Florida Braces for Hurricane Irma
“In Florida we prepare for the worst and hope for the best” – Governor Rick Scott
While Irma’s exact path is uncertain, the hurricane could make landfall in Florida by the
end of the week. Georgia and the Carolinas may also be impacted with wind and rain.
“Anybody in Florida should be preparing for a hurricane,” Brian Thompson, a meteorologist
at AccuWeather tells PEOPLE. Florida Governor Rick Scott declared a state of emergency for
the state’s 67 counties on Monday afternoon.
“Hurricane Irma is a major and life-threatening storm and Florida must be prepared,” Scott said in a statement. “I have continued to be briefed by the Florida Division of Emergency Management on Hurricane Irma and current forecast models have Florida in Irma’s path – potentially impacting millions of Floridians. Today, given these forecasts and the intensity of
this storm, I have declared a state of emergency for every county in Florida to make certain that state, federal and local governments are able to work together and make sure resources are dispersed to local communities as we get prepared for this storm.”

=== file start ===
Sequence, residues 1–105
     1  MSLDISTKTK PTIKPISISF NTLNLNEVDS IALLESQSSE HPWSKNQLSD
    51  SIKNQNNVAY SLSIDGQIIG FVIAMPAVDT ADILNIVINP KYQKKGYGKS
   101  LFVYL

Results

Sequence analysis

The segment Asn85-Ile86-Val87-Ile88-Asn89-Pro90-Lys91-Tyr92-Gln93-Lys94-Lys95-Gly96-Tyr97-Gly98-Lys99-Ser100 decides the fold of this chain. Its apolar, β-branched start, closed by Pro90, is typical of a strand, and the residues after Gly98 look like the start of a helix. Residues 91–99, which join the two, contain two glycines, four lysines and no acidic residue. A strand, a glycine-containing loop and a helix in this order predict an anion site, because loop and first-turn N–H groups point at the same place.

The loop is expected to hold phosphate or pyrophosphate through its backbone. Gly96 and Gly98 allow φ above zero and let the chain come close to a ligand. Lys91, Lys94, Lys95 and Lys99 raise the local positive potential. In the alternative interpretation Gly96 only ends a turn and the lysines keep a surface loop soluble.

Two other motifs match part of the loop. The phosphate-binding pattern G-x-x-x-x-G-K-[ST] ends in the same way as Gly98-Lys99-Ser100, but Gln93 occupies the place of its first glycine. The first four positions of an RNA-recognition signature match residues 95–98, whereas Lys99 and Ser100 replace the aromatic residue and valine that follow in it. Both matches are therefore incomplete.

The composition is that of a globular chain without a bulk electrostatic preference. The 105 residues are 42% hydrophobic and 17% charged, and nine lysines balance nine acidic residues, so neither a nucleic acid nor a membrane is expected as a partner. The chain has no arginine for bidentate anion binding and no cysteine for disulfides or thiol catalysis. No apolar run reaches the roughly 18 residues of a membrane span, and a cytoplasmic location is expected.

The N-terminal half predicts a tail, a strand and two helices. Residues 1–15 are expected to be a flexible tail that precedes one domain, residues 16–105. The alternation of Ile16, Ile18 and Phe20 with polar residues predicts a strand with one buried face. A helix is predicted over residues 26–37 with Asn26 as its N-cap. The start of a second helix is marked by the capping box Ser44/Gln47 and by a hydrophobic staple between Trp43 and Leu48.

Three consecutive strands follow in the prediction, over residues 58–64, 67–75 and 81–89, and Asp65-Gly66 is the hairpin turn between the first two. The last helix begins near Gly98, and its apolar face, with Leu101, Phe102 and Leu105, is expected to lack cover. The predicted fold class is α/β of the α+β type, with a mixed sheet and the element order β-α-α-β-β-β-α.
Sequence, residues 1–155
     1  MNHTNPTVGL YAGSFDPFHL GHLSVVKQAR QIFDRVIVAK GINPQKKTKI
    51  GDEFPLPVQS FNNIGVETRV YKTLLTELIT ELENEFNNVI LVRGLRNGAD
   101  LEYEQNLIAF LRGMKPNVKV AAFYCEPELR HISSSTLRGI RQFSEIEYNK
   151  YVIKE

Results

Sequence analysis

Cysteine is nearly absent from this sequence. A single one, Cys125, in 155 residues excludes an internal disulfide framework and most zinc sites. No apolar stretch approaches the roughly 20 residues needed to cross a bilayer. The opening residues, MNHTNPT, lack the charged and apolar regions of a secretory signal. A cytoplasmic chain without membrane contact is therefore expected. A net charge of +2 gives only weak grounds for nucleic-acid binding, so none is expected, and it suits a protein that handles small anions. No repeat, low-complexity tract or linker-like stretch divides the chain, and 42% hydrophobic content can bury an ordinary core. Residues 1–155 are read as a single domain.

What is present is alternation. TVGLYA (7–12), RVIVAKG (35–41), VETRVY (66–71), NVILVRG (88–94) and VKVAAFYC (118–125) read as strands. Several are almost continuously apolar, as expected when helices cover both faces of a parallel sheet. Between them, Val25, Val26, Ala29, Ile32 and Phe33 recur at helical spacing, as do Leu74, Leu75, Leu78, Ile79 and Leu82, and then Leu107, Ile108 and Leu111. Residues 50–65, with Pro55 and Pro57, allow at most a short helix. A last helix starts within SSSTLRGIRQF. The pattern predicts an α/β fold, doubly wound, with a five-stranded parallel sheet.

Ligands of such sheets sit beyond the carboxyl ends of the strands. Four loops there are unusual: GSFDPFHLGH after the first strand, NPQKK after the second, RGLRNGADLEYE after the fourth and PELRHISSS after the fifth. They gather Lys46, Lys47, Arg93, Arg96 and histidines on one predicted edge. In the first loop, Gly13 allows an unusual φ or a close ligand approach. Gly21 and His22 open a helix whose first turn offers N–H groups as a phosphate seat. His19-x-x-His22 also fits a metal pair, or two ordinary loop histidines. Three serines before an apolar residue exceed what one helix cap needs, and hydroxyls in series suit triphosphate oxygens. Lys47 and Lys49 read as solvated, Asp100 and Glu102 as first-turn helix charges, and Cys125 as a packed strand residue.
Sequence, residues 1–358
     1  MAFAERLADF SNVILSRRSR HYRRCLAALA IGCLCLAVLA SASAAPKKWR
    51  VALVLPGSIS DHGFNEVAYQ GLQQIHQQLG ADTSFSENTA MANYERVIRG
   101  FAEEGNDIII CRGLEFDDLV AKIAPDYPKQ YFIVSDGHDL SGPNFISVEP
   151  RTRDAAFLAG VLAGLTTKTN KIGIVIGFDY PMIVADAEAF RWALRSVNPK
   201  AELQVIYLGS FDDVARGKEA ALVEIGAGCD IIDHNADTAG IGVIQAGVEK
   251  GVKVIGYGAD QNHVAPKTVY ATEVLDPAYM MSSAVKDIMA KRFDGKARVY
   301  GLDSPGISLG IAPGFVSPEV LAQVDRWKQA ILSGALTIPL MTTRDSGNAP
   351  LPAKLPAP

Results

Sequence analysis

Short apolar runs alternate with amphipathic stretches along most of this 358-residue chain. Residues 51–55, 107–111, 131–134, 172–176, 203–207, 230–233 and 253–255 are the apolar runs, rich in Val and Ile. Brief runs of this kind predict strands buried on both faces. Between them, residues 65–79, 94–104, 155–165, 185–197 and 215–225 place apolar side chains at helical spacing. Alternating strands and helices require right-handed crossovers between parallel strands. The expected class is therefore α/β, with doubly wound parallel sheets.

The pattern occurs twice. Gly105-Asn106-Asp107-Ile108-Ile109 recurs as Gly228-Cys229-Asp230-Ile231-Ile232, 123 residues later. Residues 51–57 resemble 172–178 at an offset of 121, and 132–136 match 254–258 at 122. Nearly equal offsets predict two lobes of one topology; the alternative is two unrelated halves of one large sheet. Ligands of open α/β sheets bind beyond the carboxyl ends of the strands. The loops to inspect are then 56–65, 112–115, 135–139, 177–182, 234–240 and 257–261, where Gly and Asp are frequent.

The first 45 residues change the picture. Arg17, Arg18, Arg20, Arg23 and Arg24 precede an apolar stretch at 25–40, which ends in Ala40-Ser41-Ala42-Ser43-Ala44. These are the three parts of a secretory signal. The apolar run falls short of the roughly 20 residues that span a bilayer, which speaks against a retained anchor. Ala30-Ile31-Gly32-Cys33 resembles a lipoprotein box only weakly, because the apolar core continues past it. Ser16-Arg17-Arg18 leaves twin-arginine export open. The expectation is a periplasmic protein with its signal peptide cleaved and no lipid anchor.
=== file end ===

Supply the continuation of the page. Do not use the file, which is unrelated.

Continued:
Tropical storm force winds may be possible as early as Friday night 8 p.m., to Saturday morning.
Floridians have already begun clearing out shelves of water and non-perishable foods, as many have documented on social media.
Hurricane Safety Tips
These huge, churning storms can spell disaster. Check out the do’s and dont’s of hurricane safety.
Hurricanes can wreak havoc in many ways, with lashing winds, torrential rains, and inundating storm surges. Here are some tips on how to survive the fury of a hurricane.
BEFORE IT HITS
- Coastal residents should form evacuation plans before a warning is issued to identify a safe shelter and a route to get there.
- Prepare for a hurricane by stocking up on emergency supplies including food, water, protective clothing, medications, batteries, flashlights, important documents, road maps, and a full tank of gasoline.
DURING THE STORM
- As a storm unfolds, evacuees should listen to local authorities on radio or television. Evacuation routes often close as a storm develops. Dedicated professionals and improved technology have made hurricane forecasting more accurate than ever before—but it’s far from precise.